4.7 Firstly, there is general agreement and recognition within many responses of the "merits" and "benefits" of maintaining, enhancing or repurposing existing assets (e.g. to promote a circular economy approach).
4.8 It is further acknowledged that the Common Investment Hierarchy represents a "significant shift in practice", and that there would need to be a commitment given by the Scottish Government to continued, appropriate and long-term investment in the maintenance of existing physical and natural infrastructure assets to ensure they are "robust, resilient, and fit-for purpose" (e.g. to prevent deterioration, to address net zero resilience).
4.9 The importance of retrofit and adaptation is also mentioned as being equally important in terms of building in "climate-readiness" to Scotland's existing infrastructure assets (e.g. embedding nature-based solutions and increased sustainability, making assets more accessible, inclusive, greater alignment to place-making objectives). The role of planning is also emphasised as crucial to ensure Scotland makes the most out of its existing infrastructure assets, including "resilience to the effects of climate change".
4.10 Further, while not mentioned to a large extent, wider comments in support of the Common Investment Hierarchy highlight other sectors/areas where such an approach or framework to inform decision-making is considered to have worked well (e.g. heritage, waste management).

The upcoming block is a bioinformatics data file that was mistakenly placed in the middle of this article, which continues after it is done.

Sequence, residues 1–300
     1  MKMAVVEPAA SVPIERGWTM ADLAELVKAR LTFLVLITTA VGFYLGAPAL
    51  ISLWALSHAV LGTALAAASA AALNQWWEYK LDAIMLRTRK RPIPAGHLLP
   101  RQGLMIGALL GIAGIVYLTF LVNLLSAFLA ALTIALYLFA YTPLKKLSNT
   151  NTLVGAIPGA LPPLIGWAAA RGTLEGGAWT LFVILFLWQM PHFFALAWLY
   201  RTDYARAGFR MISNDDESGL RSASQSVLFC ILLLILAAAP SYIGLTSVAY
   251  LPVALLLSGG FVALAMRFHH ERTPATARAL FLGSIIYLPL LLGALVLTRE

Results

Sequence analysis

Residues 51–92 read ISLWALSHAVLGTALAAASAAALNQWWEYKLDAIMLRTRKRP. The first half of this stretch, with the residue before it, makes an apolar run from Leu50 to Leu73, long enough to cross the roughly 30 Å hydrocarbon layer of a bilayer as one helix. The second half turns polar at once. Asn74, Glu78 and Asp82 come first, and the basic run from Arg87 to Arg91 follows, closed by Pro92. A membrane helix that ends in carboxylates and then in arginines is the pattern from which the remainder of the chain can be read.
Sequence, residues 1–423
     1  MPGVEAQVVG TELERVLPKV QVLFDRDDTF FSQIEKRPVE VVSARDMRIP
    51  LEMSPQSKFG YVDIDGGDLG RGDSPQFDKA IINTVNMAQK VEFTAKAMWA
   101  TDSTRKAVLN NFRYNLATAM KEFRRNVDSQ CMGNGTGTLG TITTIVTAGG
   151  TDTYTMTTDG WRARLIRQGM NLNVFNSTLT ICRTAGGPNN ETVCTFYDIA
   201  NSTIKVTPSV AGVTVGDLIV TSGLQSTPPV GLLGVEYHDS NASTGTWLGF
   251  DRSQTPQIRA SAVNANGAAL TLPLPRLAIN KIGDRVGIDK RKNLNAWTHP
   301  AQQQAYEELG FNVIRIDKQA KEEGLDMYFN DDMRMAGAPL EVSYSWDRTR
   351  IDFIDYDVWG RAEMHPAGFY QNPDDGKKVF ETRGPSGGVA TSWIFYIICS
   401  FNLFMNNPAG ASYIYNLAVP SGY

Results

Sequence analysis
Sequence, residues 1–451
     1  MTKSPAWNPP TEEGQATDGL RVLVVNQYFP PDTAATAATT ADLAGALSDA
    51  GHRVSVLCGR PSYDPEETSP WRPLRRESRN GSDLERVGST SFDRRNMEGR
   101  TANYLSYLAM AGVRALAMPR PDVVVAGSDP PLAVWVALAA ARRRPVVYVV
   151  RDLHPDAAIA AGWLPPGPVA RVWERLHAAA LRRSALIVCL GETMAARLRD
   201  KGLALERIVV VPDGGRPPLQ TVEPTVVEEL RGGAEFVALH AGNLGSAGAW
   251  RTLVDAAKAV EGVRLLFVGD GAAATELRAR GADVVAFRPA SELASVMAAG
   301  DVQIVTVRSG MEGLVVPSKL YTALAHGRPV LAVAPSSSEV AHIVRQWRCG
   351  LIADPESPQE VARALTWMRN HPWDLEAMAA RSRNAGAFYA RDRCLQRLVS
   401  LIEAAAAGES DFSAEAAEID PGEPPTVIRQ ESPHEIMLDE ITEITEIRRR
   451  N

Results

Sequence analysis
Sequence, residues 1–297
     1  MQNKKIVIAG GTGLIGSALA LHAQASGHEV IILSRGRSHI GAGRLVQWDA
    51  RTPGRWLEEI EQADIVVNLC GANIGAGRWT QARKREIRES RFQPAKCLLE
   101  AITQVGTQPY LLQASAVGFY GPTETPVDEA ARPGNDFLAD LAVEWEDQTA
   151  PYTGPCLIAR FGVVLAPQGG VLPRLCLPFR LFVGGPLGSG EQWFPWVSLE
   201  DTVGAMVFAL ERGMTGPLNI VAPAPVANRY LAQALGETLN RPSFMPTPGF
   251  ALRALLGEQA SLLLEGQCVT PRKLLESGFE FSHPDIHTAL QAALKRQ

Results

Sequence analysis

4.11 Secondly, much of the wider commentary relates to the graphical depiction and visualisation of the Common Investment Hierarchy as presented in the Draft IIP. The general consensus is that it the depiction is too "rigid", "strict", or conveys an overly "simplistic" message, or perhaps does not "convey the level of nuance that must inform the decision making process". Plus there are a variety of comments around language, terminology and wording.
4.12 There is feedback from representatives across many organisation sub-groups (but most common from Local Government, Construction and Built Environment, Natural Environment and Climate Change, and Travel and Transport) that the Common Investment Hierarchy could be strengthened by: